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How to Become an Independent Contractor: A Step-By-Step Guide

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Are you trying to shift from full-time employment and attract work as an independent contractor?

With a marketable skill set and a knack for converting prospective clients into part-time employers, you can do that easily.

We’ve assembled a complete guide on how to become an independent contractor and work on your terms.

An Overview of Independent Contractors: A Primer

An independent contractor, typically different from a gig worker, is a self-employed working professional offering services to businesses through contractual employment.

As the business owner won’t consider you equivalent to a full-time employee, you’ll handle your own taxes and health insurance.

Since side income earners provide services on a per-project basis, expect more freedom to work on your own schedule while accommodating your day job.

A little personal branding and marketing of your niche expertise can unlock a string of retainer projects with high-ticket clients.

Besides paying your own business expenses, you won’t receive additional employee benefits. But this is neutralized as you can embrace the remote working culture without requiring a fully equipped office space.

Over time, independent contractors can hire employees to meet high workload demands.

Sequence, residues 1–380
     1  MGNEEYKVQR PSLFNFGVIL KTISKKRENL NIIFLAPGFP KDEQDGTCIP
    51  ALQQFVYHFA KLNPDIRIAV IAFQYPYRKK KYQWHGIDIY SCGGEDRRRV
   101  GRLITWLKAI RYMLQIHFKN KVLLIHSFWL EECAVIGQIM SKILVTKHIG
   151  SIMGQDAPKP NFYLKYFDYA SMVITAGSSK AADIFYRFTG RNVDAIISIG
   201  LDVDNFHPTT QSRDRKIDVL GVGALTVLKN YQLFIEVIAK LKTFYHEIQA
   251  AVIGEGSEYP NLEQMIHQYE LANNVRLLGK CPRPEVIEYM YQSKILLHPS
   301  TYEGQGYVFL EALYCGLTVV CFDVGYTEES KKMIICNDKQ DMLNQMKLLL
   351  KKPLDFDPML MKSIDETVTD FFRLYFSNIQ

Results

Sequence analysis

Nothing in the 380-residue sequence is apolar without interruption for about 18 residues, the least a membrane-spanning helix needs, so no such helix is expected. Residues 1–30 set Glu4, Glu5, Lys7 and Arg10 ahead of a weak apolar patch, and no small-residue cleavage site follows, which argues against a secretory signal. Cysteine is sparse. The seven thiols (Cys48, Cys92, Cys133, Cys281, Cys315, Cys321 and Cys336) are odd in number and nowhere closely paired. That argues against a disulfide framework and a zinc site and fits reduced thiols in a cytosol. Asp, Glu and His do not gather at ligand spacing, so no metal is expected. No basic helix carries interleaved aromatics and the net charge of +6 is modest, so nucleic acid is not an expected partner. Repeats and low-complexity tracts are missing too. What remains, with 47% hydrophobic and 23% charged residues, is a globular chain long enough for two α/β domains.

Sometimes, particular vocations may require business licenses to enjoy uninterrupted cash flow.

Overall, since you don’t work for a corporation on a full-time basis, expect complete control of the projects acquired and your personal finance sheets.

How Much Do Independent Contractors Make?

Independent contractors can make enough money through side gigs, provided their services are in demand.

A self-employed individual under the bracket of private contractors can make $20/hour for manual labor gigs and up to $60/hour for high-level marketing and managerial projects.

Once you create a private contractor business with the sole proprietorship under your name, create pricing plans and a list of add-on services that prepare you for high-income projects.

Whether graphic designing for marketing agencies, real estate consultancy for luxury properties, or do-it-yourself (DIY) projects like woodworking, painting, or plumbing, you can quote charges based on investments in equipment, time, and effort.

For gig economy workers with experience in managing teams, consider applying for executive private contractor roles. Such roles pay upwards of $90/hour.

What You’ll Need to Become an Independent Contractor [& Associated Costs]

Though independent contractor gigs offer the privilege of being your own boss, accounting for the associated costs highlights whether you have the financial capacity to build a career using this employment type.

Here are a few investments you may make:

1. Marketing Mediums

You can use inexpensive one-time marketing materials like business cards or build a low-cost digital footprint. While 500 aesthetic business cards cost $50, a basic website may require up to $200.

If your business structure includes a team of independent contractors, you may invest in social media marketing for widespread advertising services.

2. Attorney for Contracts

Some companies may save your personal finances by sending you contracts. For organizations that don’t offer this service, you must hire an attorney to keep your subcontractor agreements in place.

While such agreements usually include the project scope, payment terms, pricing, and other legalities, attorneys can charge a flat fee of $200-$400 as per the complexity of your employment terms.

3. Licensing

Chances are your regional government rules require a proper business license to verify your taxable income and register your tax bill.